And he, with great good luck, he found a superb Swedish paper company developer, his name is Per Batelson, who was as enthusiastic as he was about the environmental aspect of production in the paper industry, and shared his dismay about the way things were and had been going. A sketch of the never-built Bronx Community Paper Plant. After eight years of community conflicts, politics, and financial setbacks, the dream collapsed. To the idealist's surprise, neighborhood activists fiercely resist outsiders, and he must confront byzantine politics and powerful industry hostility. It's been using methods that it's used since the middle of the 19th century, it hasn't changed them, and they have no interest in changing. Such is the nature of evolution, and of social change, which starts with a vision and gets harder from there.
Community groups were suspicious of outsiders, be they industrialists or environmentalists. The project may be outstanding environmentally and socially, but often that's not what matters. We're going to be producing less sulphur dioxides than virgin mills, less nitrogen oxides, less particles. The project may be outstanding environmentally and socially, but often that's not what matters. I mean, many of the things that he wanted to happen, happened.
In this insightful though slim volume, Harris Holy Days documents the rise and fall of a major New York City recycling plant. Environmentalists, he advises, will have to stop being reflexively anti-business and willfully ignorant of its practices. In order for it to work, the community partner that they had, a group called Banana Kelly which was one of the shining stars of the community development movement for many decades--unfortunately, its leader became a not-good partner. Then there were the attempted shakedowns by unsavory Bronx community activists and politicians. What lessons were learned from the failure of the mill project? To the idealist's surprise, neighborhood activists fiercely resist outsiders, and he must confront byzantine politics and powerful industry hostility. What's more, the project could become a national model. The organization is a 501 c 3 nonprofit funded by foundation support, ad sponsorship and donations from readers.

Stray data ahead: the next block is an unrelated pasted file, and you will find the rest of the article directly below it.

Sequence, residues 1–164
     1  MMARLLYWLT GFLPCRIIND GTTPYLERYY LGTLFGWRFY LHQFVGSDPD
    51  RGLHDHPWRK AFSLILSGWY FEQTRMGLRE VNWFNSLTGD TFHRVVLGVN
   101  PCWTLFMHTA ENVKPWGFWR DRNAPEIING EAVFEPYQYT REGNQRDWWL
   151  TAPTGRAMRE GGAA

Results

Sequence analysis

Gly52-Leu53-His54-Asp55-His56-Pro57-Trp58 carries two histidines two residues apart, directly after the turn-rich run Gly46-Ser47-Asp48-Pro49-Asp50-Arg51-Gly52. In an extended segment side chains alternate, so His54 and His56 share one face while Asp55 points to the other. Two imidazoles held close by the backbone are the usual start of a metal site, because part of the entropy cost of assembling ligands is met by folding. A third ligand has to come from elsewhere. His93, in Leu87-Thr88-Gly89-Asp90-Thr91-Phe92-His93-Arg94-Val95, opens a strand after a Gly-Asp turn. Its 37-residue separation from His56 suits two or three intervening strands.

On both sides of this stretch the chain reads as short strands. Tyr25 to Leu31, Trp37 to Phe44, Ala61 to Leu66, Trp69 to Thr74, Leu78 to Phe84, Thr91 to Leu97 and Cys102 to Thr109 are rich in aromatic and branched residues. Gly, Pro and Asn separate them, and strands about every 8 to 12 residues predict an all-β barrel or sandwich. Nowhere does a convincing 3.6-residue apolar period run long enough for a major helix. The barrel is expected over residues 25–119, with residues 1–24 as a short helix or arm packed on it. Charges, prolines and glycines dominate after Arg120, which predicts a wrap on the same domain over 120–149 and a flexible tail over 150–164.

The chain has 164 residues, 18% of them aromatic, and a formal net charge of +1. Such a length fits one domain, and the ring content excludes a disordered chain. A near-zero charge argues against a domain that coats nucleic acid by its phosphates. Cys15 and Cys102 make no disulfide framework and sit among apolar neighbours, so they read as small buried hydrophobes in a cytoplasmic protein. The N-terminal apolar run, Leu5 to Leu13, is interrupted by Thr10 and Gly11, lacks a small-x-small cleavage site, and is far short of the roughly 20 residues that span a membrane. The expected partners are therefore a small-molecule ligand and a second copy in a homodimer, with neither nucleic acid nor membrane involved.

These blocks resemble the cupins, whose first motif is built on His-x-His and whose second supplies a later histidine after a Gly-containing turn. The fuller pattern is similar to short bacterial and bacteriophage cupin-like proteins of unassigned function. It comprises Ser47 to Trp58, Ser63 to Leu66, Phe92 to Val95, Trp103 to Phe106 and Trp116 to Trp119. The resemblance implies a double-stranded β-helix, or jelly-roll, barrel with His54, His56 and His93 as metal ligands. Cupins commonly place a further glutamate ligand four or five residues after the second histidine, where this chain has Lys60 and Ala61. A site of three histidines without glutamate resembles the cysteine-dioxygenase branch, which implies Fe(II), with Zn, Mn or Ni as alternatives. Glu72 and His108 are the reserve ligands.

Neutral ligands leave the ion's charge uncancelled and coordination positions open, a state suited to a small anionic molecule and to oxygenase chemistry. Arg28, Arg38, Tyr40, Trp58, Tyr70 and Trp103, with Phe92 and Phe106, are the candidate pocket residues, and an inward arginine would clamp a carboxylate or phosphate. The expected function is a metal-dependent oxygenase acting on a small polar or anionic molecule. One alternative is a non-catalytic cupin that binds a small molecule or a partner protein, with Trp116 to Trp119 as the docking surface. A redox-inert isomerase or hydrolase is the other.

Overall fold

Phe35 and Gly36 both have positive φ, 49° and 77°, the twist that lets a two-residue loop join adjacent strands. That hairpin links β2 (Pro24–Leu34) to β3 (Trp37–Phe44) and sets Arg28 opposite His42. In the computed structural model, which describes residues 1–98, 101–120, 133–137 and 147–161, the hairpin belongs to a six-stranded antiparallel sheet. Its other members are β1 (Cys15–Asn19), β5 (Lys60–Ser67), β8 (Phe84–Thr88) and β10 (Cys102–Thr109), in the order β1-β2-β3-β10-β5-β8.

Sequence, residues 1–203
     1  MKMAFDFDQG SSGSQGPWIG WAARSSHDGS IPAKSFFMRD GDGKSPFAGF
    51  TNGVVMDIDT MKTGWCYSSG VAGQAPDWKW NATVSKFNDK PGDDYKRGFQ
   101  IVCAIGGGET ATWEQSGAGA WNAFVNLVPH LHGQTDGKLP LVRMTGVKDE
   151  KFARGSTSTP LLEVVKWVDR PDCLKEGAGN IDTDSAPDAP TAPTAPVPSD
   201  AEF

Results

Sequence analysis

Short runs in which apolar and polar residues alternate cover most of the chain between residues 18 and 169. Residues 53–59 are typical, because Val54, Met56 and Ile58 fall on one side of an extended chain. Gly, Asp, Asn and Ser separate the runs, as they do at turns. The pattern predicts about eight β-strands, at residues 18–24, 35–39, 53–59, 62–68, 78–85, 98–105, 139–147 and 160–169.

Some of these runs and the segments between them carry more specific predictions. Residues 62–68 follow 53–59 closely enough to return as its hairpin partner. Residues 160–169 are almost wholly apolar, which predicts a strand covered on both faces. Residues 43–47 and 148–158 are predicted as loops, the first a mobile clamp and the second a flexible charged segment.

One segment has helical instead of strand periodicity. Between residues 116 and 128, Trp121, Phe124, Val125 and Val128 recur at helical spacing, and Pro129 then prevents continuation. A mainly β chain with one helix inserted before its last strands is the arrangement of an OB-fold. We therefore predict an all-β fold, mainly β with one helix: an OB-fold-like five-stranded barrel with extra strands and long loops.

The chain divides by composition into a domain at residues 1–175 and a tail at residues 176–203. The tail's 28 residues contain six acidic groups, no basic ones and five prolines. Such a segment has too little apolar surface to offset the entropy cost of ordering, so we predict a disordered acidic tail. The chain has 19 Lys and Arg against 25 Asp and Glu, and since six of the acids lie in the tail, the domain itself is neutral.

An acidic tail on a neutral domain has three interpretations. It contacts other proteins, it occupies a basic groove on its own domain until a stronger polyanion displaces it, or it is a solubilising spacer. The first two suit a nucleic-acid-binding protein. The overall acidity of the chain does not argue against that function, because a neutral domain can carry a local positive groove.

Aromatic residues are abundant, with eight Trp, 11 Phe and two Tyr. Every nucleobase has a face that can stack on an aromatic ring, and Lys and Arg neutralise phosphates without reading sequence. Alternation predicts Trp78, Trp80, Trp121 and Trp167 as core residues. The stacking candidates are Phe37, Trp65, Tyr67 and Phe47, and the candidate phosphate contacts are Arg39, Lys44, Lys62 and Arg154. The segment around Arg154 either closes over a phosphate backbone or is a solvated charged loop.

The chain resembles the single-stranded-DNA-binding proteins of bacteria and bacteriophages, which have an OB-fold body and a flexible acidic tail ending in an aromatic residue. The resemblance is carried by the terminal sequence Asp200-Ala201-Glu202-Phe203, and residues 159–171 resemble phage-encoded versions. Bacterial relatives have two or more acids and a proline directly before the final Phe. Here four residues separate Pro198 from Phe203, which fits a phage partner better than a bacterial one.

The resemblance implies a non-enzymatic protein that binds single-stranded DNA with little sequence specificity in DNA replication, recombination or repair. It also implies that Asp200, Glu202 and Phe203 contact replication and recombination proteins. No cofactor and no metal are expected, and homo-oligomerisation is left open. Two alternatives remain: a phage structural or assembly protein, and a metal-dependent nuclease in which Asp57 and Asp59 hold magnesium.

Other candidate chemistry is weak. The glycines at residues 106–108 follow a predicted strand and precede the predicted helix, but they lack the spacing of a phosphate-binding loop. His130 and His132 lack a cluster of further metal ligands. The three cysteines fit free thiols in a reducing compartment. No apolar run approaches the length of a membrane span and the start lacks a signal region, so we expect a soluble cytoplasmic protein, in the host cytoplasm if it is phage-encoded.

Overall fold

The E-mail message field is required. Indeed, all those vehemently opposed to the project, we are told, are archetypes of moral failure. It was the dream of Allen Hershkowitz of the environmental advocacy group National Resources Defense Council. It was designed so that the barriers toward making projects that were good for business so they could make money; good for the environment so they could be built well, good for the community so they could get jobs, would finally be working together instead of always being at each other's throats. Neither book is likely to make it to the big screen, but if they did, imagine Gangs of New York meets The Sopranos—minus the stabbings and whackings, but with plenty of backstabbing, double-dealing, blackmailing, turf wars and general sabotage.
Based on interviews with many but not all of the important players, the book hews to the point of view of Hershkowitz, who takes only a light drubbing for being too smart, naïve and enthusiastic. As the paper-mill story suggests, environmentalists have learned that they must expand their focus beyond their core, upper-middle class, white constituency and its concern for parks and wilderness to include people of color, the poor, and the inner city. And having a group associated with this project that the Attorney General began to investigate, and that tenants complained about, was kind of one kiss of death for this. In Tilting at Mills, we get the unvarnished dramatic arcs. The goal was hundreds of jobs for neighborhood residents, eco-friendly paper for New York's huge publishing industry, and a pioneering partnership between business and environmental groups.